Osprey lands on JMSDF ship for first time in Asia-Pacific

Base Info
Lt. Gen. Koichiro Bansho prepares to embark on an MV-22B Osprey and return to Marine Corps Air Station Futenma in Okinawa Nov. 12 aboard the Japan Maritime Self-Defense Force ship Ise. (U.S. Marine Corps photo by Lance Cpl. Matthew S. Myers/Released)
Lt. Gen. Koichiro Bansho prepares to embark on an MV-22B Osprey and return to Marine Corps Air Station Futenma in Okinawa Nov. 12 aboard the Japan Maritime Self-Defense Force ship Ise. (U.S. Marine Corps photo by Lance Cpl. Matthew S. Myers/Released)

Osprey lands on JMSDF ship for first time in Asia-Pacific

by: Lance Cpl. Matt Myers | .
Okinawa Marine Staff | .
published: November 15, 2013

JAPAN MARITIME SELF-DEFENSE FORCE SHIP ISE, at Sea -- An MV-22B Osprey landed on a Japan Maritime Self-Defense Force ship Nov. 12 for the first time in the Asia-Pacific region. 

Marines with III Marine Expeditionary Force conducted the MV-22 Osprey landing with the Japan Self-Defense Force aboard the Ise, a JMSDF ship, to improve interoperability, enhance bilateral training and illustrate the capability of the Osprey to speedily transport cargo and passengers to and from ships from both nations.

The Commanding General of III MEF, Lt. Gen. John Wissler, the Chief of Joint Staff of the JSDF, Gen. Shigeru Iwasaki, and the Commanding General of Western Army, JGSDF, Lt. Gen. Koichiro Bansho, were among those who visited the Ise.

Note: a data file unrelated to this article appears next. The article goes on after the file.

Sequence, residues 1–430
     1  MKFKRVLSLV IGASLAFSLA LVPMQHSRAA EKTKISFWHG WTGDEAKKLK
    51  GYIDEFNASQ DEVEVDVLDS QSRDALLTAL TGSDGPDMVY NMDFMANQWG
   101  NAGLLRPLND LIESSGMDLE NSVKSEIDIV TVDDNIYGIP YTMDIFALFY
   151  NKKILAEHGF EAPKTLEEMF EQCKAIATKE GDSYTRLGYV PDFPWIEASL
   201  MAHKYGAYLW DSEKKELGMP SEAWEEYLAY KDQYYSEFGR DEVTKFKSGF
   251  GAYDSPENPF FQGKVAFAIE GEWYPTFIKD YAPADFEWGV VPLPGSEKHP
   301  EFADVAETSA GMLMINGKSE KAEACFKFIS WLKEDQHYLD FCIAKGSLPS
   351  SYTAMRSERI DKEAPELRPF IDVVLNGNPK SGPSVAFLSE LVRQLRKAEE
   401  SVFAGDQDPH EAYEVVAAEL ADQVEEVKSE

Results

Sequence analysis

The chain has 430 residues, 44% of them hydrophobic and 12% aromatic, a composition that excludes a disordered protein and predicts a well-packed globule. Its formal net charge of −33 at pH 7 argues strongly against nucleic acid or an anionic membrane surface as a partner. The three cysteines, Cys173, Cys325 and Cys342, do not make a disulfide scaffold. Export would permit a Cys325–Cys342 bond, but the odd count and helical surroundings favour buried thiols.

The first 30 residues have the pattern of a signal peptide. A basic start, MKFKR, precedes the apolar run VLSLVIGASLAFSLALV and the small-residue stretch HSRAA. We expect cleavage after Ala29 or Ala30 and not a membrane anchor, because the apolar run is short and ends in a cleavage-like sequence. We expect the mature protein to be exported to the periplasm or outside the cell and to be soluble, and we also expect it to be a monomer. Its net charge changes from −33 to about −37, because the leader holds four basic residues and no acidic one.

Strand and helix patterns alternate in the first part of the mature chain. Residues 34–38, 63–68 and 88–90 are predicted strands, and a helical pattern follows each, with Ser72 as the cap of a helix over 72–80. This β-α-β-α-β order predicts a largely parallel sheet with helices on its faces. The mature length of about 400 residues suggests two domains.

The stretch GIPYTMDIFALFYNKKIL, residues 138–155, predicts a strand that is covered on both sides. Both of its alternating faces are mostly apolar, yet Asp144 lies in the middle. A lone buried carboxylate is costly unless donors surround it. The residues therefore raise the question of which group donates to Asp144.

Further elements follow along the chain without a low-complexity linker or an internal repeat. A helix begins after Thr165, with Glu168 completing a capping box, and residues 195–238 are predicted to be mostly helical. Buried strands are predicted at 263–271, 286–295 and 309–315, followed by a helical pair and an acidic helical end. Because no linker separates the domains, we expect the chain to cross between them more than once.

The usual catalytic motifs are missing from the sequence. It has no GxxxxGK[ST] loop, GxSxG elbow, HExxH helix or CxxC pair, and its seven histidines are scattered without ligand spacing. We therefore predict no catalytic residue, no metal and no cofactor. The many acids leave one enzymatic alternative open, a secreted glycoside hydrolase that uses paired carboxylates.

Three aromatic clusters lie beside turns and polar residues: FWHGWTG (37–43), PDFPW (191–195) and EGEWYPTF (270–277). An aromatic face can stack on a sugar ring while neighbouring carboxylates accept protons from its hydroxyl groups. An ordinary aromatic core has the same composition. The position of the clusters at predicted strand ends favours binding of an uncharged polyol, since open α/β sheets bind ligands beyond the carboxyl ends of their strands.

“This is the first time for an Osprey to land on a JMSDF ship in this region,” said Robert D. Eldridge, the deputy assistant chief of staff, G-7, government and external affairs for Marine Corps Installations Pacific. “The fact that the joint chief of staff and commanding generals personally came down here to see this, that they visited Futenma and that they flew in an Osprey are significant for our Japan-U.S. relationship and for security in this region.”

The group toured the planning area where the JMSDF is capable of handling humanitarian assistance and disaster relief operations and coordinating with civil defense first responders and nongovernmental organizations.

“This is another opportunity for us to reinforce the Japan-U.S. relationship,” said Wissler. “With the development of capabilities by the JMSDF we have another amphibious partner in the Western Pacific who can help us … and better assist in any humanitarian aid and relief operations.” 

This is the second time an Osprey has landed on a JMSDF ship, with the first being at Exercise Dawn Blitz on the west coast in the U.S. earlier this year. This landing is a continuation of the Japan-U.S. military cooperation.

“This landing expands the breadth of capability that exists between the JSDF and the United States military,” said Wissler. “This strengthens the alliance and adds strength and interoperability to the Japan-U.S. alliance.” 

The aircraft involved in the landing are with Marine Medium Tiltrotor Squadron 265 (Reinforced) currently assigned to the 31st Marine Expeditionary Unit, III MEF.